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    The reason its always carbs is that no-one ever empties them of fuel. They are a precision instrument that works in a vast range of conditions & yet still they are pretty much ignored - until they no longer function.

    Don't forget to balance them after. Sounds like this is going to be a quick and easy fix. Great job.

    For setting float height I use an old credit card cut to the correct settings (yes, you can buy the correct tools) as it makes it:
    1. Repeatable on all,
    2. It sits in the tool box marked for this bike ready to reuse,
    3. I then don't have to think about it.
    4. Permanent marker the bike model on the card.
     
    Last edited: Jul 13, 2021
  17. Cherryriver

    Cherryriver New Member

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    Looks like I got it. Finally.
    Had to go back over a couple of assembly errors, then it fired up right nicely.
    Sure is a different motorcycle when all four cylinders are working, needless to say.
    Now, leaks.
    The petcock's leaking pretty badly. I have an O-ring kit on order that is still a couple days out, hope that takes care of it. It seems to vary quite a bit in intensity. I haven't taken it apart yet, but since I've seen no trash at all in any of the carb strainers I wasn't worried about rust flakes jamming up the petcock seals.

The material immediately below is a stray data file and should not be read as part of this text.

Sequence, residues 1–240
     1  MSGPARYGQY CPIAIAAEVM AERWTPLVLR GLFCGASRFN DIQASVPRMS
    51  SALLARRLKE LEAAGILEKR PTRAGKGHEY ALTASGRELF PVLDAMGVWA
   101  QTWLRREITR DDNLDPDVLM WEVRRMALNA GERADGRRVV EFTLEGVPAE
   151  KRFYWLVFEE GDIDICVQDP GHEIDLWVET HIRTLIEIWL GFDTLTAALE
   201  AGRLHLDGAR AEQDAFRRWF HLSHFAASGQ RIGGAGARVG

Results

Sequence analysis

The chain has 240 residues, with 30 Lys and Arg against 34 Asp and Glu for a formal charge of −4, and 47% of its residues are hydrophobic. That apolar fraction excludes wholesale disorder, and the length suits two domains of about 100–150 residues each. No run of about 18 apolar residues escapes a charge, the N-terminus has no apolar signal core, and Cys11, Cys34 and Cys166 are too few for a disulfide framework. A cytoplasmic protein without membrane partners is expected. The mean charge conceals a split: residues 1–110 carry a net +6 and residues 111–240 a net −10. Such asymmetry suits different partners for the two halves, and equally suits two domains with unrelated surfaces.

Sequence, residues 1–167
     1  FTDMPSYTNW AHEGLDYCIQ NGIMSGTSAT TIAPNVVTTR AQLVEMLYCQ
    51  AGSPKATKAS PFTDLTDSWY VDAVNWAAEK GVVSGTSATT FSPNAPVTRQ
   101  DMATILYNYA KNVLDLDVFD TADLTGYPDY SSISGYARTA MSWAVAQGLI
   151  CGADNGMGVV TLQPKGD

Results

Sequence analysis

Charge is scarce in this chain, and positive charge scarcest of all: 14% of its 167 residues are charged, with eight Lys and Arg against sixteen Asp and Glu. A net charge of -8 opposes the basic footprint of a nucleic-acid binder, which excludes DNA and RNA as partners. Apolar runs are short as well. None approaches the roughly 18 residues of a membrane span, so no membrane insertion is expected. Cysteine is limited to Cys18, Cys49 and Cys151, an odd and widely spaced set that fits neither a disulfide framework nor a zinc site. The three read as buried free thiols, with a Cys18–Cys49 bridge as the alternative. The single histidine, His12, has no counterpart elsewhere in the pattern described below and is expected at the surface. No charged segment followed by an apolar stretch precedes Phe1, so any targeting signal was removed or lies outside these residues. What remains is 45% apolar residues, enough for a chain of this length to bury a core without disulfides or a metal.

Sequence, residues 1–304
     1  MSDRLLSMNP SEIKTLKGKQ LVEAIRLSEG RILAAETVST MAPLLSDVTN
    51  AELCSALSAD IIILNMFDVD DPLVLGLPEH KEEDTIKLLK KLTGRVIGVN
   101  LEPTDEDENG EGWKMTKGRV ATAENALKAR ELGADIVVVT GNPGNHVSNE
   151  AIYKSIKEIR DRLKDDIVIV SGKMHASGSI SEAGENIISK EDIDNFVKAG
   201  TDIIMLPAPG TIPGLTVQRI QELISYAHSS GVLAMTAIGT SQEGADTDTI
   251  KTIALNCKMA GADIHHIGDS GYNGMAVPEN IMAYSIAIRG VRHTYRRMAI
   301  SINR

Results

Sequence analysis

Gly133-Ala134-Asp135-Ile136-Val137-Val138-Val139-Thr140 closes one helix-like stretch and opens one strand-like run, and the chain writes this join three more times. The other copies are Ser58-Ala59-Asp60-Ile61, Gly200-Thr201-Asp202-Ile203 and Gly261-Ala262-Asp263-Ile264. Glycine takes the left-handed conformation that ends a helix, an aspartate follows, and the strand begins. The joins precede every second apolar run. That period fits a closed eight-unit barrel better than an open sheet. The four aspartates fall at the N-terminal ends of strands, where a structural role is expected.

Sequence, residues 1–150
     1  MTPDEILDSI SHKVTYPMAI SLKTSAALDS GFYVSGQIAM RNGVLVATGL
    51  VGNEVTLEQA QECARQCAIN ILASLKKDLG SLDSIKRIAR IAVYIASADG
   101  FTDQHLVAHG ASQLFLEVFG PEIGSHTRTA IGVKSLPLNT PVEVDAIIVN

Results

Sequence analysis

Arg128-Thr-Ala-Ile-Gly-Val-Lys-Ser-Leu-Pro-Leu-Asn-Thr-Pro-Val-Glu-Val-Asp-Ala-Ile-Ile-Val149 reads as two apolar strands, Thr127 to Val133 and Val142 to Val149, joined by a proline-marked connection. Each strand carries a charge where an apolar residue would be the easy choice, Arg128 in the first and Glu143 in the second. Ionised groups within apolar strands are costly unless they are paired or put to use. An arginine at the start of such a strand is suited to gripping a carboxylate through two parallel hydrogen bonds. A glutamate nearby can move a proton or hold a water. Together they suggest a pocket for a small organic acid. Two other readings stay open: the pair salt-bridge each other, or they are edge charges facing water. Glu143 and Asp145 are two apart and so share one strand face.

And the alternator cover is leaking oil. The original gasket went to pieces when I pulled the cover to do the valve adjustment. I tried a light coat of Hondabond 4 but no dice. I've never been a big fan of liquid gaskets, especially when paper ones work so well (on modern motorcycles anyway. Never mind the Brit bikes.) but I thought it was worth a try to at least be able to run the thing to test out my work.
    A rainy morning here, hard to restrain the right hand, but 15-year-old tires are not a thing to be taking liberties with. The replacement Pirelli Sport Demons are due tomorrow, so no shortage of tasks to pass the time.
     
  18. Captain 80s

    Captain 80s Member

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    You might consider eliminating the vacuum operation of the petcock when you rebuild it. It's just another thing that can / will fail.

    Oh, and please post which petcock kit you ordered and update when it arrives and you dive in please.
     
  19. Diving Pete

    Diving Pete Member

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    As a suggestion, get used to turning the tap on & off if the engines not running.
     
  20. Cherryriver

    Cherryriver New Member

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    I may do that, although I don't have the habit, never having had troubles with those systems in the past, including several bikes run past 100K: a Connie to 121K, a GPZ1100E to 106K, and a GL18 to 116K. Petcock troubles seem to befall bikes not in use, mostly.
    Plus, the Missus, who may well be the main rider, doesn't have the habit atall, having only started riding four years ago. Those modern bikes, you know.
    No icky carburetors for her.
    The petcock's leak is from that vent opening in the front of the unit, the little extension pointing towards the front of the bike that looks for all the world to be needing a hose attached to it. It's tempting to connect one and run it up over the fuel level in the tank just to be able to ride it a bit.
    I should be too mature for that, though.